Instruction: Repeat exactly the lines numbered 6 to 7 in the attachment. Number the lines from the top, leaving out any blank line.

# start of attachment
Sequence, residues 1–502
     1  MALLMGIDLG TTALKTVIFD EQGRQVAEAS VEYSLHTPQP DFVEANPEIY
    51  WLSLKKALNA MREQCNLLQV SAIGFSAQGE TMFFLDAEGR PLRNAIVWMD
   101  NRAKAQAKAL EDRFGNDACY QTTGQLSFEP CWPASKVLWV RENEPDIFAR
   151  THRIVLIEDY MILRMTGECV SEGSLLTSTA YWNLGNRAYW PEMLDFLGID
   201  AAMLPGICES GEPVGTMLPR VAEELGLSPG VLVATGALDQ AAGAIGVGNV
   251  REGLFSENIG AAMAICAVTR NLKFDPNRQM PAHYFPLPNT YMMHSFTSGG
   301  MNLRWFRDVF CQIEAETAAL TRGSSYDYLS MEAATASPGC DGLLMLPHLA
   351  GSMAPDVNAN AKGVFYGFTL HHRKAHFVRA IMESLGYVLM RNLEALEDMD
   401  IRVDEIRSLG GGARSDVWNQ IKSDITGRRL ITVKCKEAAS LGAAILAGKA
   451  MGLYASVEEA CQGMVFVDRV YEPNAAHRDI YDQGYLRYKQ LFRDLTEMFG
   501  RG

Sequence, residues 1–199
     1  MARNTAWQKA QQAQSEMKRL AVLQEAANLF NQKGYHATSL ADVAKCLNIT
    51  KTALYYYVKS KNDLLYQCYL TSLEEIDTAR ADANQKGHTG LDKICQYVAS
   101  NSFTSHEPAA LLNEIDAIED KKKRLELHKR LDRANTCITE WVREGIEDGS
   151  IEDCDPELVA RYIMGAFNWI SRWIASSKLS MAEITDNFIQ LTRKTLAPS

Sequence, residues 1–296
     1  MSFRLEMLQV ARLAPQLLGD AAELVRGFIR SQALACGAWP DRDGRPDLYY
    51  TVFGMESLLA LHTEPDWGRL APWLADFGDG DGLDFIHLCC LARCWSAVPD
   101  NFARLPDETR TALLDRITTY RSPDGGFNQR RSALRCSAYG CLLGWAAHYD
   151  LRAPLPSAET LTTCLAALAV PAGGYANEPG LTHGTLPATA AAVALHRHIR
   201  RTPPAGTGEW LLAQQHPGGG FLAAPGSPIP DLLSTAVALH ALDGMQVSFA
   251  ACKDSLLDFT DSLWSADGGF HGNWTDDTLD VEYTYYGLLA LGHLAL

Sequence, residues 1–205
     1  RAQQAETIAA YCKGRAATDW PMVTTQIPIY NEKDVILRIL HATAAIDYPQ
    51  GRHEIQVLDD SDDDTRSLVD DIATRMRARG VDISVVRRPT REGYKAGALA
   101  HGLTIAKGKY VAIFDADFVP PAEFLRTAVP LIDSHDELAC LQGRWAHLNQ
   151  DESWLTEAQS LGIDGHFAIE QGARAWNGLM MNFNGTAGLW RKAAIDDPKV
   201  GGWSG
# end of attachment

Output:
   201  AAMLPGICES GEPVGTMLPR VAEELGLSPG VLVATGALDQ AAGAIGVGNV
   251  REGLFSENIG AAMAICAVTR NLKFDPNRQM PAHYFPLPNT YMMHSFTSGG